Physiology And Life-historieS group (PALS)
Who we are
PALS brings together researchers at the University of Glasgow interested in the mechanistic processes underlying within- and among-species variation in life-histories.
|Participants of the PALS away day at SCENE 15/11/2016. From left to right: Colin Selman, Peter O'Shaughnessy, Michelle Bellingham, Shirley Raveh, Mar Pineda, Sofie Reichert, Pat Monaghan, PALS mascot Bran, Antoine Stier, Danielle Orrell, Shaun Killen, Karine Salin, Zoe Johnston, Darryl McLennan, Tiffany Armstrong, Julie Nati, Denise Hough, Kevin Parsons, Kate Griffiths, Agnieszka Magierecka, Natalie Pilakouta, John Pineda, Lucy Winder. Not on the picture: Bart Adriaenssens (took picture) and Eugenia Martin.|
What we do
Through a combination of experimental and correlative work in both the field and the laboratory, we study how various factors (involving environmental conditions and genetic inheritance) influence organismal phenotypes at different biological levels and life stages. We investigate whether the outcomes for individuals and their life histories are adaptive or not, and use a range of different species.
Our work includes (but is not limited to) how variation in nutrition, temperature, stress exposure and habitat influence the physiology and behaviour of the organism, and how this affects the timing and success of important life-history events, including maturation, reproduction, ageing and longevity.
At the mechanistic level, we are particularly interested in telomere dynamics, metabolism, mitochondrial function, oxidative stress, endocrine function, bone development, biorhythms and resistance to pollutants. Some of this work has clear links with applied research in the biomedical and veterinary sciences, and we encourage knowledge exchange across disciplines.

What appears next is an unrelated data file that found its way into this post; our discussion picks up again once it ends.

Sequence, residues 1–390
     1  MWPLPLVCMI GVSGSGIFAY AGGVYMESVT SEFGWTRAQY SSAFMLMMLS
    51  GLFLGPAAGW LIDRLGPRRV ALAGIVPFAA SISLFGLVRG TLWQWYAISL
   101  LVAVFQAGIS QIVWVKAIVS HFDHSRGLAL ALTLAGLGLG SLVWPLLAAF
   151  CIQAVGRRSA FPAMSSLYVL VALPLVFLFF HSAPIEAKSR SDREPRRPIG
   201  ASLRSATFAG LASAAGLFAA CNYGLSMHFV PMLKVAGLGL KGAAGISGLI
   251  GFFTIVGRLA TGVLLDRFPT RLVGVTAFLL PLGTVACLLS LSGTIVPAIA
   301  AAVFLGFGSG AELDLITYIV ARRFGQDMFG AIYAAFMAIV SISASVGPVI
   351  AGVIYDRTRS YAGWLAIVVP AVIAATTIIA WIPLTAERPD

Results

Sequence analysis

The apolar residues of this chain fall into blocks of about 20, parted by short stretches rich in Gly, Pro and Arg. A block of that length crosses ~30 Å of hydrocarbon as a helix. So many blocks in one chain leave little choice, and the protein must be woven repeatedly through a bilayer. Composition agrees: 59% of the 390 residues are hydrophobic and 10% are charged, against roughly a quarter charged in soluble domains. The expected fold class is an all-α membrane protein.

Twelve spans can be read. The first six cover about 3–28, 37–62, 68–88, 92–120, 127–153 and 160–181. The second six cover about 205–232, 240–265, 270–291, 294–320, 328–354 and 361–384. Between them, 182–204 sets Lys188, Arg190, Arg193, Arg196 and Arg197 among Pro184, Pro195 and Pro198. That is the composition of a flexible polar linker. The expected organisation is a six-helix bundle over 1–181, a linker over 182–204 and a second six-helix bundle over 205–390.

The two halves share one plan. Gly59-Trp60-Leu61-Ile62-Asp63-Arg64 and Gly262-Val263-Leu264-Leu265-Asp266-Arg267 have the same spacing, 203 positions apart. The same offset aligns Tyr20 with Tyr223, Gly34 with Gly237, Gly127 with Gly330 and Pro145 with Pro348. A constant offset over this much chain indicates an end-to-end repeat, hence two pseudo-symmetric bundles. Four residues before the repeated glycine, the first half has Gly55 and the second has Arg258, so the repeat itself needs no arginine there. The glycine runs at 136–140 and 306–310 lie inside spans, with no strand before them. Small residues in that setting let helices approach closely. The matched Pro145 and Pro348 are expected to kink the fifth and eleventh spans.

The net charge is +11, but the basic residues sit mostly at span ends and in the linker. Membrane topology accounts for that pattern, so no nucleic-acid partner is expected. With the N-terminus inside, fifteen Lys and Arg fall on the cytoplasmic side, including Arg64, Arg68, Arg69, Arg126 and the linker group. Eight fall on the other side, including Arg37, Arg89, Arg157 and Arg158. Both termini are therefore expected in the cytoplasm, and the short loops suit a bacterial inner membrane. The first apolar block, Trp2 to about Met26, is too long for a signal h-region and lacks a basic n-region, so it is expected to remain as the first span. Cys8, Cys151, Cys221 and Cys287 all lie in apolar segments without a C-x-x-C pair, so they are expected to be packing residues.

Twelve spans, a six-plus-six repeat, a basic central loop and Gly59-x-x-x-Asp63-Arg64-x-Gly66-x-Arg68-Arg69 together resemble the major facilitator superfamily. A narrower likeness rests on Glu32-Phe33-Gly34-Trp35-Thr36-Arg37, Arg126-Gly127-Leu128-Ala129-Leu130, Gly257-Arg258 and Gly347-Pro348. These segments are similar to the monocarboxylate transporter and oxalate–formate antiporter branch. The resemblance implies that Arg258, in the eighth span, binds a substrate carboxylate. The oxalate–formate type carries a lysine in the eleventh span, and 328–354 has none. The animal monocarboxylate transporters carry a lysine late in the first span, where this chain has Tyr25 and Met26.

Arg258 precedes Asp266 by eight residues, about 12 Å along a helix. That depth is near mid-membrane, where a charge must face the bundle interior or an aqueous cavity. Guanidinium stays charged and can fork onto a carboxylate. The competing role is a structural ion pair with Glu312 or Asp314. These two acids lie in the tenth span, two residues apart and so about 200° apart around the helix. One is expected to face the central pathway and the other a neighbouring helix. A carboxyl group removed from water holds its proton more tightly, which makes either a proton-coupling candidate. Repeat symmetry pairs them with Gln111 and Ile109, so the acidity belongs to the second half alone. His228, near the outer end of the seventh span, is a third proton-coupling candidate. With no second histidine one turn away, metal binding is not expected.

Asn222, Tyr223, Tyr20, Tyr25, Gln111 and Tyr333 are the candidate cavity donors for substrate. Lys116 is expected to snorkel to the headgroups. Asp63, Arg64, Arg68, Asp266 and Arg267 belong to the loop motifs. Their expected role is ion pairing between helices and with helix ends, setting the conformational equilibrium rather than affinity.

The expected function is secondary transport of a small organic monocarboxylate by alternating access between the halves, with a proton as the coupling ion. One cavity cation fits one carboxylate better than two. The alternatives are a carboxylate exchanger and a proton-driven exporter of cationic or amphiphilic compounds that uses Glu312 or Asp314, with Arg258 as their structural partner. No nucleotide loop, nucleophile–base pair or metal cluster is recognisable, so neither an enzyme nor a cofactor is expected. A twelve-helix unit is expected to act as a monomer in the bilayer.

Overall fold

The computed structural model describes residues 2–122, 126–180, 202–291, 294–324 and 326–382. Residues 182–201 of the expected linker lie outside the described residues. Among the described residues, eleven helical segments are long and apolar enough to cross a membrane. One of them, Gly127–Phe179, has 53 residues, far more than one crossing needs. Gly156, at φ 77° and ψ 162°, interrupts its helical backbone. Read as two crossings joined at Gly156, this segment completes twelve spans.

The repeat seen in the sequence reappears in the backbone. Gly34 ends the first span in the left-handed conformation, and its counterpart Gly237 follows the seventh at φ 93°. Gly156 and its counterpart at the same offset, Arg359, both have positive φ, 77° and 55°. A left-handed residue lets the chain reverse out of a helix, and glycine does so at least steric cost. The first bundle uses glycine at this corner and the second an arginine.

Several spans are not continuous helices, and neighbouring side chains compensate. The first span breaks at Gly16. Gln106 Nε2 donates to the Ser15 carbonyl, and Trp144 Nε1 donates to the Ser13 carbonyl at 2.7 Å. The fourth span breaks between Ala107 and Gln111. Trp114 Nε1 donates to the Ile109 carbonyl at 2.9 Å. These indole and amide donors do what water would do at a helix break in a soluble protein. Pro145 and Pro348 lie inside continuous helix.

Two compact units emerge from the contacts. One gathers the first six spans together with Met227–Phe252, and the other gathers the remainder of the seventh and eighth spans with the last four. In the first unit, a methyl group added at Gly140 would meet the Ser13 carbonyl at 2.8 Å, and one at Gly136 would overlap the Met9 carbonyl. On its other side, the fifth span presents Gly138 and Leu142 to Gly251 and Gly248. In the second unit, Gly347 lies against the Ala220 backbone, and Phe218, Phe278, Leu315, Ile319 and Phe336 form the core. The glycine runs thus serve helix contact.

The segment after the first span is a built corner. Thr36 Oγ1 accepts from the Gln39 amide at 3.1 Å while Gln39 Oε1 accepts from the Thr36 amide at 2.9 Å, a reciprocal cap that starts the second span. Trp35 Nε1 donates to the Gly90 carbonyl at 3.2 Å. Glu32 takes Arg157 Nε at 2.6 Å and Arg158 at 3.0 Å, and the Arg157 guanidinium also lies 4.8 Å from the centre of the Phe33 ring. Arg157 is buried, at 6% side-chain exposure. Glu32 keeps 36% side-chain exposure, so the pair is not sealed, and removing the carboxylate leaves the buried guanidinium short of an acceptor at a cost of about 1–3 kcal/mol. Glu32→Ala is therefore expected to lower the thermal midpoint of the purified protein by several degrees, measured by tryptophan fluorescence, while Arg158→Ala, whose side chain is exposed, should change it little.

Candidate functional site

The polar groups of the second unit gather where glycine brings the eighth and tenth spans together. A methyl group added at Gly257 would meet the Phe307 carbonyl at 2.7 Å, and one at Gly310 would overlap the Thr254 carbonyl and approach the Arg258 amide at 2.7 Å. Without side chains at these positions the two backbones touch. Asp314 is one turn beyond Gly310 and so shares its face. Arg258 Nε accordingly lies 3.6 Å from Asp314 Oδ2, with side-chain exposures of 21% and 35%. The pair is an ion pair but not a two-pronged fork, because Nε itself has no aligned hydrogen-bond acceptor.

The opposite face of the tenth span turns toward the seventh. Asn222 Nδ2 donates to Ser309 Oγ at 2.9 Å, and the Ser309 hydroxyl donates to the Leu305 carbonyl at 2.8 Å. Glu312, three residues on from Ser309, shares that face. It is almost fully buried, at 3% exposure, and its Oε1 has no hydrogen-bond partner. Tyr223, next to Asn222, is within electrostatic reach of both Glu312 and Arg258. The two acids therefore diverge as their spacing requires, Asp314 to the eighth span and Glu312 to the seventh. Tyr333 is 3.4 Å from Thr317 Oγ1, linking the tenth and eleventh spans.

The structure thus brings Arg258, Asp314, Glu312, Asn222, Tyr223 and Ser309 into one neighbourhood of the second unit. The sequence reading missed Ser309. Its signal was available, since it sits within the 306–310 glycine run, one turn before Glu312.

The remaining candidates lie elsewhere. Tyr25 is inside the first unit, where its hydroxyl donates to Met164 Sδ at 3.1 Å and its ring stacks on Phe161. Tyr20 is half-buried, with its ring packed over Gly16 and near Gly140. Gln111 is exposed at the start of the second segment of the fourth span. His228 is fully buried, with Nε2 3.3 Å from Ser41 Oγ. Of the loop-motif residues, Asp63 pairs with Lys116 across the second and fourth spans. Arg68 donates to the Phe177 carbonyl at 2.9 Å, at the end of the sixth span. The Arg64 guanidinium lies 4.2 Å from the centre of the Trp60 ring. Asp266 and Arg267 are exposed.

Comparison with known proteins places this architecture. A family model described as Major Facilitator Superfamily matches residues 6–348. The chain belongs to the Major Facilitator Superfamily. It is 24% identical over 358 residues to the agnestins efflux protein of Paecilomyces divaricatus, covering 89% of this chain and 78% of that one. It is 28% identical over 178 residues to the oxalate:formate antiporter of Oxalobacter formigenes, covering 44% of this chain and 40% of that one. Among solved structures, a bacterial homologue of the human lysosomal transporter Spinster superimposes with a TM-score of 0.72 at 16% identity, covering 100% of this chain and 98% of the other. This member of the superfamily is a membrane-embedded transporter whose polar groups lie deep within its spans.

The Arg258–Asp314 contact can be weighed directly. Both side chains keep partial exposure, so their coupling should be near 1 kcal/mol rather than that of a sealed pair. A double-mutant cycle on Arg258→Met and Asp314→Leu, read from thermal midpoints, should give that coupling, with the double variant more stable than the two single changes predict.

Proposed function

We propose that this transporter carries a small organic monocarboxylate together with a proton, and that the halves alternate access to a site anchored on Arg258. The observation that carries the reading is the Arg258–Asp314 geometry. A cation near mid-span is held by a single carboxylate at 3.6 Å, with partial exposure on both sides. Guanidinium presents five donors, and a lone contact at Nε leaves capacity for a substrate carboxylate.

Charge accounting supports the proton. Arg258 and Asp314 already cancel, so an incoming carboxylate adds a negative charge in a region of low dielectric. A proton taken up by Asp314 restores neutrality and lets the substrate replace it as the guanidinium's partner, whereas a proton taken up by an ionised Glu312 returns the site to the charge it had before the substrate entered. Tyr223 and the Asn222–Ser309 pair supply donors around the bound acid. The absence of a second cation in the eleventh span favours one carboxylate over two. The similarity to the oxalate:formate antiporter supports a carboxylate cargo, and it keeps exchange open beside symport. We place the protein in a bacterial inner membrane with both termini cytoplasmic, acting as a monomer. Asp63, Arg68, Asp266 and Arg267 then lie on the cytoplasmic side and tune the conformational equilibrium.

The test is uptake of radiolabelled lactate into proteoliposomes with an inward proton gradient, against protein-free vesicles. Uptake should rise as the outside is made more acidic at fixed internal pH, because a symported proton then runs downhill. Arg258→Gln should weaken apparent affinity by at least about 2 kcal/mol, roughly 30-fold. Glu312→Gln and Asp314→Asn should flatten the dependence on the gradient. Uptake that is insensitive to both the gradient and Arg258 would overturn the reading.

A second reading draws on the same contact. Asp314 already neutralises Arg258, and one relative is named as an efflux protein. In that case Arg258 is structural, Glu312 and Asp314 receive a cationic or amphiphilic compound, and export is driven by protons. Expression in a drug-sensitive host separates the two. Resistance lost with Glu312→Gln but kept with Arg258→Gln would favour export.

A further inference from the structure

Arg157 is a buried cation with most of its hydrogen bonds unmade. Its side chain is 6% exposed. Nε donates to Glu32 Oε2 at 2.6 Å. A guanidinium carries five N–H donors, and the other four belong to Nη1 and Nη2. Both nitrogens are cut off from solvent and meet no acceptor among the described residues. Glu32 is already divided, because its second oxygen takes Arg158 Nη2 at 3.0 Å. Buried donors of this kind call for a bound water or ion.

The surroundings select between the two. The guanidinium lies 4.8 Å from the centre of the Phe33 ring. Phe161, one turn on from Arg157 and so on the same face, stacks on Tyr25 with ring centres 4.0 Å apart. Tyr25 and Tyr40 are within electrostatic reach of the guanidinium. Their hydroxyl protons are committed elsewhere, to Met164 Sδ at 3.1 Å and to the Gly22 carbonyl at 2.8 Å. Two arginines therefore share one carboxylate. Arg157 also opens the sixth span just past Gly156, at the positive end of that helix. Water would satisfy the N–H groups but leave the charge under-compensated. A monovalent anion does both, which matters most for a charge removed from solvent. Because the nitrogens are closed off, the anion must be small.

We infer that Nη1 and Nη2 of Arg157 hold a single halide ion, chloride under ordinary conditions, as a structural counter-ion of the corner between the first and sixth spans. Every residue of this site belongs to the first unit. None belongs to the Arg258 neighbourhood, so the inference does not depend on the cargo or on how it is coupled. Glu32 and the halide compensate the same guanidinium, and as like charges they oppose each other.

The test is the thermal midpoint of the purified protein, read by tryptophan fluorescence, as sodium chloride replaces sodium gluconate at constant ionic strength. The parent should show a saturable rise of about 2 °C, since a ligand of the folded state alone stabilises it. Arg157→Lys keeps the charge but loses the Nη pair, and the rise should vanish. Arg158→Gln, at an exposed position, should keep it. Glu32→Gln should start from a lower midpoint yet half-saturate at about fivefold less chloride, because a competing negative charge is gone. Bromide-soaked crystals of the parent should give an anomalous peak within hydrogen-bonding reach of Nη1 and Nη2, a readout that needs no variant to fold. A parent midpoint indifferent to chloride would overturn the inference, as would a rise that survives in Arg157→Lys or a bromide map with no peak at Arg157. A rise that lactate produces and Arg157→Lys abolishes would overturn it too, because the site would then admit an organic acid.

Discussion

The key aim of PALS is to integrate our expertise across a diverse range of topics (see research themes) and stimulate collaboration and cross-validation of research between fields.
- Bart Adriaenssens
- Sonya Auer
- Tommy Norin
- Karine Salin
News & Events
13 DecThe Scottish Chough project was given a highly commended award in the Species Champion Category in the 2016 'Nature of Scotland Awards' . The project is a collaborative one involving the Universities of Glasgow and Aberdeen, Scotland's Rural College, and the Scottish Chough Study Group. The award, presented by the broadcaster and naturalist Chris Packham at a ceremony in Edinburgh, was in recognition of the scientific work carried out by the group in relation to chough conservation.
21 NovThis quarter's newsletter of the Fisheries Society of the British Isles (FSBI) features an article from PhD student Agnieszka Magierecka about her research on transgenerational effects of chronic maternal stress experience in sticklebacks.